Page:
The other alternative is that a racoon or other semi-carniverous animal found the little thing and returned it to the nearest bird nest. Problem with this is that the nearest bird nest might actually be a squirell nest and since squirells don’t fly it won’t be able to teach the little birdy to do that so it may spend the rest of its life up in the tree. You’ll see this from time to time with birds. Ever notice a bird up in a tree? That’s why it’s up there, it never learned how to fly.

Let me tell you what NOT to do. First, a sidenote about myself - this is the first time I’ve told this story and, since I’m at work, I hope I don’t cry.

Walking through the local park, very busy area, lots of dogs, people, etc. sssooo, hear chirp chirp of very young bird…track it to the bush at the side of the lake…see nest up in tree nearby and try to do the right thing which turned out terribly, terribly wrong.

Got someone to boost me up, put little bird back in nest. HOWEVER, apparently he had a brother/sister in the nest already and when I reached up, the brother/sister flew out in absolute panic, followed by the one I just put there. One headed out over the lake and despite my silent, heartrending pleas, didn’t make the flight across the small lake, landed in the water, went over the small falls and, although we ran under the bridge, reached into the water to try to get him where he was stuck under a rock, he died.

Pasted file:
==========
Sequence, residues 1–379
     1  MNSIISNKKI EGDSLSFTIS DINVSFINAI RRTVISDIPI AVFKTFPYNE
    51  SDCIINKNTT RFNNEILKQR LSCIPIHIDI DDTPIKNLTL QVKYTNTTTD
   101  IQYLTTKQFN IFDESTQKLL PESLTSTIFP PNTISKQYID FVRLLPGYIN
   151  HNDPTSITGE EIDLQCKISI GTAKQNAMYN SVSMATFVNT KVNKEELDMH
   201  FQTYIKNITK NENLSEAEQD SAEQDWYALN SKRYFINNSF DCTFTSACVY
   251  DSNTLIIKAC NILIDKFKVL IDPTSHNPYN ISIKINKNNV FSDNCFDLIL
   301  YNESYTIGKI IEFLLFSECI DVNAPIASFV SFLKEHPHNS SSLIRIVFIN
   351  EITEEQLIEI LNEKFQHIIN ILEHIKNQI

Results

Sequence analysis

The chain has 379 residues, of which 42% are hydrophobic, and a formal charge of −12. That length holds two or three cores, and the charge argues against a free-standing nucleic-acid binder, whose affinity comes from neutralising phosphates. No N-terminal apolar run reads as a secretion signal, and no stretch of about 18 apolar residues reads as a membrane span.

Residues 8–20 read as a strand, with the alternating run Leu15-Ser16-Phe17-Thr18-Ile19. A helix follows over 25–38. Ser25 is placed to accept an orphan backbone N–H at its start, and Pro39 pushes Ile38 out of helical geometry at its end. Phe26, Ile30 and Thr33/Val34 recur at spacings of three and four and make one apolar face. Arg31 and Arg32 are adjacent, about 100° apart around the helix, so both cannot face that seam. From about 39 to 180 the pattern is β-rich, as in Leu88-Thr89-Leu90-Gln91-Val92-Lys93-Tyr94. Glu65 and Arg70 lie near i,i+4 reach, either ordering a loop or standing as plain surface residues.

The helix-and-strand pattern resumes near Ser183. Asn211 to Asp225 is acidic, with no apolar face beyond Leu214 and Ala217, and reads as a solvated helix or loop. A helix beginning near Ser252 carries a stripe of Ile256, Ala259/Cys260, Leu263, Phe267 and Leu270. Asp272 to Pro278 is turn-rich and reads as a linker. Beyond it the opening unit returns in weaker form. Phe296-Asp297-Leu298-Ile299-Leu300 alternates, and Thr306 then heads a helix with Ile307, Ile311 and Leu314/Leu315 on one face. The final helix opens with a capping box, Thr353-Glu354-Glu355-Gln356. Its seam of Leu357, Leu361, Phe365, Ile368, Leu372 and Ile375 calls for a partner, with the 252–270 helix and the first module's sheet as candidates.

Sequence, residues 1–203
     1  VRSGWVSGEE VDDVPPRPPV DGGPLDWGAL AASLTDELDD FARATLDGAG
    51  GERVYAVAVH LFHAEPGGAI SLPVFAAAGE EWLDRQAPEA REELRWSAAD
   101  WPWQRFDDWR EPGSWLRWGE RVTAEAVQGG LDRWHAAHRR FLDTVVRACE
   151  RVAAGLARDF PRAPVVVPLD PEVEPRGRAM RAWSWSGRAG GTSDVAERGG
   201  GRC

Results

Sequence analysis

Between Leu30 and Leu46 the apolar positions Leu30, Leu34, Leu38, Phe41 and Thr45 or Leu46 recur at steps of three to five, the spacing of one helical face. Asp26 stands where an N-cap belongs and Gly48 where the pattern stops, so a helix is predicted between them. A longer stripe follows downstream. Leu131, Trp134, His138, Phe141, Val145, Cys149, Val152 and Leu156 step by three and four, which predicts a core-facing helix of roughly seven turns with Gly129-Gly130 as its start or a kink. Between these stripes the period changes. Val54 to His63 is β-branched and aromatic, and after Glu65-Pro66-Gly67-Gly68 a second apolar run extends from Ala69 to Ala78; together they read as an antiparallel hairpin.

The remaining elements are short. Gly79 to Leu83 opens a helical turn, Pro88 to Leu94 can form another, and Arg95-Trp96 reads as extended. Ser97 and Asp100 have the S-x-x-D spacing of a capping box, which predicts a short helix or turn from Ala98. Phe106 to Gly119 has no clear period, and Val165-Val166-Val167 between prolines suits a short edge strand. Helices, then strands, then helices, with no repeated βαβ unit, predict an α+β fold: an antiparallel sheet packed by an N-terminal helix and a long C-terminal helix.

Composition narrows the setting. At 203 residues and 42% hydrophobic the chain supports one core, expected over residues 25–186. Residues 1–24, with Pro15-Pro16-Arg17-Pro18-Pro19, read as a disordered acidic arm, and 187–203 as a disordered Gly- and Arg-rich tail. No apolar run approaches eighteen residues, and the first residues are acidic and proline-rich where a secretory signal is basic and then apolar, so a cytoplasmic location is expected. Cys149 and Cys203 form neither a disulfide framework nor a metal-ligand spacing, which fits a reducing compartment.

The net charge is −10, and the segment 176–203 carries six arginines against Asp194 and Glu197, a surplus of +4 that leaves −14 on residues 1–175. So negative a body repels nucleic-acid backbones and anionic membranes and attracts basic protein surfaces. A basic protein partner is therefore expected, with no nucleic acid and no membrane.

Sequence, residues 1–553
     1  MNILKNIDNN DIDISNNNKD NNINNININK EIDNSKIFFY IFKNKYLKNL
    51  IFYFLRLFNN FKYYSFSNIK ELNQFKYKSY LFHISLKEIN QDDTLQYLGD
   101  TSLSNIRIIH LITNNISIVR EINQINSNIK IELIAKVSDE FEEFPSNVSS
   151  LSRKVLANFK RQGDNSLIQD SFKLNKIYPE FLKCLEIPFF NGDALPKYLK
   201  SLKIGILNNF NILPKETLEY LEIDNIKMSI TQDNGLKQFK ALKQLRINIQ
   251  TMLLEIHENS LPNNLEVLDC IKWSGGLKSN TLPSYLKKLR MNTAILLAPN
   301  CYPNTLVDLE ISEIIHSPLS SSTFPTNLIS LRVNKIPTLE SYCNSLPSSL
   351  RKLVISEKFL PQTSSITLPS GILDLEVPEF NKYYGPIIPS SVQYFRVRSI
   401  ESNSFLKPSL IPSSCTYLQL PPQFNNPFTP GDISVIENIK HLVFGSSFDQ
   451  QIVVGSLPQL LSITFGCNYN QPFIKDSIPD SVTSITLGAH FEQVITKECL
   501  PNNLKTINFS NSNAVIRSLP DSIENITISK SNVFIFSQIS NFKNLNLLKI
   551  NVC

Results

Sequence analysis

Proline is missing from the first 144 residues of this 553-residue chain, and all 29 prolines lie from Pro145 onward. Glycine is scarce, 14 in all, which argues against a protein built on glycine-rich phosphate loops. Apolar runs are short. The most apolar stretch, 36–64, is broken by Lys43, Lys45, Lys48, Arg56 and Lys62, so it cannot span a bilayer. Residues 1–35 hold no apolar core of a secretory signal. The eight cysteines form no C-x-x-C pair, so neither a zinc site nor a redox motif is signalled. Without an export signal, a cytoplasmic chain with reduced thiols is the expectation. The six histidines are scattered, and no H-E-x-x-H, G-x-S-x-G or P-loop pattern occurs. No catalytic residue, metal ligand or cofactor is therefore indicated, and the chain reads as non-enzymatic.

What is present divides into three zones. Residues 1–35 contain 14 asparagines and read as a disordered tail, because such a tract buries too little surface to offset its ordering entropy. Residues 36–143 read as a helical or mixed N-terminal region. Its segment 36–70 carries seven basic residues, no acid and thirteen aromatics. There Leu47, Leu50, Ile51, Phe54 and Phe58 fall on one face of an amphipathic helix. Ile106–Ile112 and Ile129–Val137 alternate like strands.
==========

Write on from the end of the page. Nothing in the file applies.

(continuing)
Unfortunately, so did the other one…when it struck out across the lake and didn’t make it either.

I’ll never forget the paniced, chirping noise as it went over the falls and our attempts to get him/her out of the water. Nor will I forget momma robin who ws sitting on the rail with a beakful of bugs for the little ones who, due to my stupidity, were no longer there.

That is my last attempt at trying to fix things…I should have left him/her in the damned bush.

Next time I’ll know.

Two words: Cat food.

It’s not dead. It’s pinin’ for the fjords.

Your not so mean after all…
I hate to see those bologny worms go to waste, did you finish them off?

if you find another baby bird, you gotta go the sock-puppet route, grab one of your matless tube socks and adorn it to look like one of the little guys parents.
don’t forget the sound effects, “Peep…Peep…Peep” you can throw one of those, “Songbirds of the Meadow” cassettes on for ambient effect,maybe one of the calls will belong to your dependents species…